Updated October 16, 2014:  On September 30, I wrote A Prayer for Guadalupe, a post about our friend Lupita who was diagnosed with breast cancer and is being treated in Oaxaca. She is a widow with three children. Her resources are limited and a group of us have come together to for a fundraising effort to raise enough money for her to cover out-of-pocket expenses. We expect they will be substantial, since Lupita’s income depends on weaving and house cleaning, which she cannot do right now.

So far, we have collectively raised $3,211.  The cost of the surgeon was $1,350, which was paid out of this effort, and there will be expenses for chemotherapy coming up.

Thanks to all who have contributed.  It means so much. Will YOU add your name to this list?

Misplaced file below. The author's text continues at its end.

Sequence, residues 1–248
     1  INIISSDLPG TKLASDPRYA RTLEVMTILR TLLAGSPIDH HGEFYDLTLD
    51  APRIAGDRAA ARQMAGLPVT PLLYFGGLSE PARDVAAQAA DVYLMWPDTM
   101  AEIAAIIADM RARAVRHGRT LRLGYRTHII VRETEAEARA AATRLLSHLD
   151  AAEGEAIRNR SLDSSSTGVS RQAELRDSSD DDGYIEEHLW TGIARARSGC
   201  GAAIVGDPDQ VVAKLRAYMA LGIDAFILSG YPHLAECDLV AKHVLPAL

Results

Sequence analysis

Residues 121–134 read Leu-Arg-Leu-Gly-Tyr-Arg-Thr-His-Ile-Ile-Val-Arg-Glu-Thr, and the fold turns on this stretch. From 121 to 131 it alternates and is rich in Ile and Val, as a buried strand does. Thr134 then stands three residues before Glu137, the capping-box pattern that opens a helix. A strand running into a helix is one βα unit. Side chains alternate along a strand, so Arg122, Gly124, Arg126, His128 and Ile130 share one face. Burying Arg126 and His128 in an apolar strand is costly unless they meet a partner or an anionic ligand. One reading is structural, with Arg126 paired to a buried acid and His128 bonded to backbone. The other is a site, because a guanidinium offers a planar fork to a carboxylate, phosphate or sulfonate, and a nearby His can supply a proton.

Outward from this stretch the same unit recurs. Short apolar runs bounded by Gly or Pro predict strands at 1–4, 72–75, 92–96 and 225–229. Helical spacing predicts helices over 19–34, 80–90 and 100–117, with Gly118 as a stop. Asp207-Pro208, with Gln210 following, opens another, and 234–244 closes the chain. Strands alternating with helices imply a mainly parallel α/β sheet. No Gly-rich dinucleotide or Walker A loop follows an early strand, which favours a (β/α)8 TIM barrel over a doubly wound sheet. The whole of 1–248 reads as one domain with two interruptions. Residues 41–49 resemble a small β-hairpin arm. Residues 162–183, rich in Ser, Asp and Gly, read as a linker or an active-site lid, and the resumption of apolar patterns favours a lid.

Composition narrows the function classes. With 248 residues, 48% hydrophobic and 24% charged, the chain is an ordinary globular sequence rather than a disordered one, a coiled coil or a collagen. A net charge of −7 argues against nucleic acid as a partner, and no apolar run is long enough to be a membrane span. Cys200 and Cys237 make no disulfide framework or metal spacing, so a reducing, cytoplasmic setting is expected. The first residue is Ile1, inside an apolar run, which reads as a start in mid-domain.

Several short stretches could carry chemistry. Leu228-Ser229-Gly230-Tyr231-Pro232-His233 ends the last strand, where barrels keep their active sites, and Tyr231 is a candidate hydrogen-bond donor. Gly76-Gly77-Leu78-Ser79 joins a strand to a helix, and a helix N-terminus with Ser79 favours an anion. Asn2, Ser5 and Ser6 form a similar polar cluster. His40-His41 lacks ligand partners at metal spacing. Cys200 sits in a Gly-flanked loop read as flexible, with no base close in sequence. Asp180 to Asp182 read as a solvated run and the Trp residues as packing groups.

FRIENDS OF GUADALUPE

    • David Aycock, Waco, TX
    • Sarah W. Aycock, Rayville, LA
    • Susan Bean Aycock, Oaxaca, MX
    • Anonymous, Oaxaca
    • Lena Bartula, San Miguel de Allende, MX
    • Barbara Beerstein, Santa Cruz, CA
    • Ellen Benson, Philadelphia, PA
    • Lori Benson, Oaxaca
    • Roberta Christie, Tallahassee, FL
    • Colleen Darling, Solvang, CA
    • Mary Erickson, Oaxaca
    • Jo Ann and Tom Feher, Seattle, WA
    • Janet Fish, Amsterdam, Netherlands
    • Norma Hawthorne, Graham, NC and Oaxaca
    • Jenny Heard, Everett, WA
    • Rachael Herron, Oakland, CA
    • Elliot Hughes, Berkeley, CA
    • Natalie Hughes, Berkeley, CA
    • Jesse Hughes, Berkeley, CA
    • Edgar James, Washington, D.C.
    • Elliot Jobe, Maple Grove, MN